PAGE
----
Space is filled with cosmic rays that are high-energy particles. If we could convert that energy into electric (or any other) energy, then we could use it to power a rocket anywhere in the universe. If that is not possible, why not?
The problem is with the low energy density of cosmic rays in the universe. Individual cosmic rays are indeed very energetic, but there just aren't enough of them to be a significant power source for interplanetary or interstellar vehicles. The Wikipedia article about cosmic rays (https://en.wikipedia.org/wiki/Cosmic_ray) quotes the energy density of cosmic rays in interstellar space as roughly 1 eV per cubic cm, or 10^6 eV per cubic meter, which is only ~1.6 x 10^-13 Joules per cubic meter. Cosmic rays are so energetic that they're all traveling at nearly the speed of light, so if you multiply 1 square meter by the speed of light (~3 x 10^8 m/s), then multiply by the volume energy density just stated, you get the average energy flux density, which winds up being ~5 x 10^-5 Watts per square meter. Wow, that's not much! If you could convert that energy to electric power with 100% efficiency, it would take a collecting area of nearly 21,000 square meters (a square ~144 meters on a side) to collect one Watt.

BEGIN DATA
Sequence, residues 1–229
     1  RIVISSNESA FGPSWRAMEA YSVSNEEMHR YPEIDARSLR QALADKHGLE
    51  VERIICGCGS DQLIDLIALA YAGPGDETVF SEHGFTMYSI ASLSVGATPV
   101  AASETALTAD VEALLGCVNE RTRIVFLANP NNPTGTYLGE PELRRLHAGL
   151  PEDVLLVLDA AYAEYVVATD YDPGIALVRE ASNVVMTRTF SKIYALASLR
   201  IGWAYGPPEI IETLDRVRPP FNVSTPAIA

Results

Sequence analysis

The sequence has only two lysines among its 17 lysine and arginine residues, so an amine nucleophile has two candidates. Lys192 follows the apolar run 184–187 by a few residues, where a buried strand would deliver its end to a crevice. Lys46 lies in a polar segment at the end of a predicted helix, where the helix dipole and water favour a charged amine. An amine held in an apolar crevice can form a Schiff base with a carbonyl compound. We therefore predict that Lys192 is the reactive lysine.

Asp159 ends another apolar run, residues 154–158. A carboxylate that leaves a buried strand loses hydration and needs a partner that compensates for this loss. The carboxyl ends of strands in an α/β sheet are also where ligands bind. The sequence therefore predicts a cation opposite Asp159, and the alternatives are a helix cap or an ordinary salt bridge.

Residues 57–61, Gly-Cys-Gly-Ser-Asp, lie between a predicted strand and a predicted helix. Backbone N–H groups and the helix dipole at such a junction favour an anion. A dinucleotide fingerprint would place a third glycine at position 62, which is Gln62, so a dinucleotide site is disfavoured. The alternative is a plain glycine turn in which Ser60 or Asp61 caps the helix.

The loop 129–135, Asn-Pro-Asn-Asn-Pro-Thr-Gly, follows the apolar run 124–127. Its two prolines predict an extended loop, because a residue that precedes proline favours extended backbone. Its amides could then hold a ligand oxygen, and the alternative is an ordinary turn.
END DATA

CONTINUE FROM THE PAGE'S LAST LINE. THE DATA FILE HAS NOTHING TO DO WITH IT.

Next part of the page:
The Wikipedia article also states that the cosmic ray flux inside our solar system's heliopause is about a tenth that in the interstellar medium.
Using cosmic ray energy sounds like a good idea at first, but the realities of the universe say no.